Site Navigation
 
August 30, 2010

Columbia Men’s Golf Travels To Scotland

Follow the Columbia Men's Golf Team in Scotland

Courtesy of Columbia Sports Information/Media Relations

NEW YORK -- From August 25 to September 2, the Columbia University men's golf team is visiting Scotland to play some of the world's most renowned courses and learn about the rich history surrounding the sport.

The Lions, who are coming off their third consecutive Ivy League championship this past spring, opened their trip on Thursday, August 26 at Prestwick Golf Club in Ayshire. Prestwick inaugurated the first Open Championship (commonly called the British Open) in 1860, and recently celebrated the 150th anniversary of the event in July.

Next, the Columbia men played historic Turnberry Ailsa, where four of the most spellbinding Open Championships took place: the 106th in 1977 (won by Tom Watson), the 115th in 1986 (won by Greg Norman), the 123rd in 1994 (won by Nick Price). Most recently, Stewart Cink defeated Watson in a memorable four-hole playoff in 2009 to win his first major championship.

On Saturday, the Lions ventured off to Carnoustie to play yet another Open Championship venue. Golf has been played over the links at Carnoustie since the 1500’s but the present course came into being in 1850 when it was designed by Alan Robertson of St Andrews. Its famed Barry Burn eases it’s way through the final 3 holes, quietly awaiting a shot that is slightly less than perfect. It was there, in 1999, that Jean Van de Velde lost a chance at being Open Champion and a place in history.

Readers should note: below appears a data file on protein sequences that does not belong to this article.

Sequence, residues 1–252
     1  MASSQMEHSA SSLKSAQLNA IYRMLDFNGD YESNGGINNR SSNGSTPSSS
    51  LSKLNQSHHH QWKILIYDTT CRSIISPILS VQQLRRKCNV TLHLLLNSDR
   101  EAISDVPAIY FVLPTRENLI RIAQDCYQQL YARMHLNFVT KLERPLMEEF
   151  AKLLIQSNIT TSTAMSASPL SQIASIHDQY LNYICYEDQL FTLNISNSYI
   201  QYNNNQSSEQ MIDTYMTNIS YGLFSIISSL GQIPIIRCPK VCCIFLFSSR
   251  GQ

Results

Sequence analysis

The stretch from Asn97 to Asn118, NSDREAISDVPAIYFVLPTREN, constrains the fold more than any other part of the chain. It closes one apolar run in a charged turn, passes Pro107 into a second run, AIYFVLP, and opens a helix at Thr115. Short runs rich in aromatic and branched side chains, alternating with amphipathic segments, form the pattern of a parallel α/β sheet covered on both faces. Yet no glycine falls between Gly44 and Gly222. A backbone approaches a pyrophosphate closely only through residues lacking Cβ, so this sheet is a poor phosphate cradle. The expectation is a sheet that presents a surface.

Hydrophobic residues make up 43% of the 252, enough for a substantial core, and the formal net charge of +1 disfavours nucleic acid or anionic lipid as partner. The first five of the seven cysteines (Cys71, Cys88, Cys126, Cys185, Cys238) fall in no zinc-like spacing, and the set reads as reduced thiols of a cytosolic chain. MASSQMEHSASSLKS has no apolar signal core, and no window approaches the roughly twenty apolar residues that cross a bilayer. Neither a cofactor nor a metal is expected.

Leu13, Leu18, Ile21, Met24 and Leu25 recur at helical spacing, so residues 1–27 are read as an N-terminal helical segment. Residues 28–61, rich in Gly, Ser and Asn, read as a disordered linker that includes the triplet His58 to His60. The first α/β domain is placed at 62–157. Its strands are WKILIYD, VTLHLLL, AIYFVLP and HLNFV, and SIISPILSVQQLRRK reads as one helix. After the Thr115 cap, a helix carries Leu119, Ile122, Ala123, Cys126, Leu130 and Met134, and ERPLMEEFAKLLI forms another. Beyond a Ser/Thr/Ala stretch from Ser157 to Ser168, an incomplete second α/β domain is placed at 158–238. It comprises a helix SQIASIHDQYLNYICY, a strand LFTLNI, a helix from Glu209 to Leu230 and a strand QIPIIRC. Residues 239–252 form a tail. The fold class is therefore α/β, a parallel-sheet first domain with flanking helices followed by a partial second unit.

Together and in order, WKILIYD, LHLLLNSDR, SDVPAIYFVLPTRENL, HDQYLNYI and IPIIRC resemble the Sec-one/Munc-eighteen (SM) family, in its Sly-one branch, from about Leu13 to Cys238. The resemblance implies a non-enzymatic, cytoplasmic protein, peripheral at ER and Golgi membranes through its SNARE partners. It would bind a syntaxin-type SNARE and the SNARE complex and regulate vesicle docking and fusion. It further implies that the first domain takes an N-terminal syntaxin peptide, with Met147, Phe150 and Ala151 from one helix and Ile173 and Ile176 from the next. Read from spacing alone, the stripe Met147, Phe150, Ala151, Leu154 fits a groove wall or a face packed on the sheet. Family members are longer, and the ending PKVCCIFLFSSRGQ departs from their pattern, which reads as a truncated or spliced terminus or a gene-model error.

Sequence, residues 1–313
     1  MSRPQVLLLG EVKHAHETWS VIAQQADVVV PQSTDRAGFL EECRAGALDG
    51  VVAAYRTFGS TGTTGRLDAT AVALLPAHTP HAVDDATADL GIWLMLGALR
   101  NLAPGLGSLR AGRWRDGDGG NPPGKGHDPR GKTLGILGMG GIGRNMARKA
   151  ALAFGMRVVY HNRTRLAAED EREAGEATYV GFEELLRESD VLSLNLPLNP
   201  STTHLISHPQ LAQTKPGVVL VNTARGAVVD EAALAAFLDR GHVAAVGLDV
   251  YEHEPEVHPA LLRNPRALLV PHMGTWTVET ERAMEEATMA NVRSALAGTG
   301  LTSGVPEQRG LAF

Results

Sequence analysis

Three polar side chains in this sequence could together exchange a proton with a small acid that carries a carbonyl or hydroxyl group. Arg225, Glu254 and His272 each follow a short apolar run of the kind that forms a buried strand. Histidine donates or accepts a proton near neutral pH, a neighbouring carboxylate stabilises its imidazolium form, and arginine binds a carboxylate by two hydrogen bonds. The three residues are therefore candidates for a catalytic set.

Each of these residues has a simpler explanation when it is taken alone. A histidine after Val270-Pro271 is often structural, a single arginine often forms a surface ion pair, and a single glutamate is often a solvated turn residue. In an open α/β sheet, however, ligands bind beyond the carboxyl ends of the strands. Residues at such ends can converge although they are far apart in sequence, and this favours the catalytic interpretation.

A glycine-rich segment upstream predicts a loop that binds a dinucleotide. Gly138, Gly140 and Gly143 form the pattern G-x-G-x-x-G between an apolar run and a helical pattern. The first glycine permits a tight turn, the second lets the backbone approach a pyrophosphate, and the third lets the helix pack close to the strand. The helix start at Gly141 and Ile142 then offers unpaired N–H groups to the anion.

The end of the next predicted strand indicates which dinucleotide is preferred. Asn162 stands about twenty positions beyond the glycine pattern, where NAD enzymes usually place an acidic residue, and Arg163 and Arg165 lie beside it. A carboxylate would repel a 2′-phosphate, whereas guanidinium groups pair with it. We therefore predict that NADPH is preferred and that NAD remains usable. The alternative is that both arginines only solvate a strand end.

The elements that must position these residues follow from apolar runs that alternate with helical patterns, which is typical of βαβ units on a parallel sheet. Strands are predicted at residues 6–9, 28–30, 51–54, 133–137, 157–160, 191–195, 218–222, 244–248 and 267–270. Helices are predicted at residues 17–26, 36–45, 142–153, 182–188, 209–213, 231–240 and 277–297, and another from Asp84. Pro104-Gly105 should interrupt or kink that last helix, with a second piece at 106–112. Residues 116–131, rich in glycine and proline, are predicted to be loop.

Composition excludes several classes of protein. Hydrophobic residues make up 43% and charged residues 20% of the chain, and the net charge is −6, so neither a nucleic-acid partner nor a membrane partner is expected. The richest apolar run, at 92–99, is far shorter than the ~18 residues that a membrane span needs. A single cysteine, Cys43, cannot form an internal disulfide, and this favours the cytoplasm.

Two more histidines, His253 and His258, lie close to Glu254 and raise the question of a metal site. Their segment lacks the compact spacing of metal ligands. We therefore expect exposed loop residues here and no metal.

Kingsbarns Golf Course was the scene for Sunday's round. The Kingsbarns Golf Links site has long been known for its intimate connection with the sea. The fact that its golf origins date back to 1793 is testimony to the attributes of the site, which foster ideal conditions for links turf to flourish amid interesting natural terrain.

The next three days will be spent in St. Andrew's, Fife, with hopes of playing at The Old Course. The team will enter the Old Course Ballot on Monday, Tuesday and Wednesday. The Old Course Ballot is a daily lottery-style draw, which enables golfers to try for a tee time on the Old Course. Home to the 2010 Open Championship, The Old Course at St. Andrew's is widely considered the oldest golf course in the world.

One of the unique features of the Old Course are the huge double greens. Seven greens are shared by two holes each, with hole numbers adding up to 18 (2nd paired with 16th, 3rd with 15th, all the way up to 8th and 10th). The Swilcan Bridge, spanning the first and 18th holes, has become a famous icon for golf in the world. Only the 1st, 9th, 17th and 18th holes have their own greens. Another unique feature is that the course can be played in either direction, clockwise or anti-clockwise.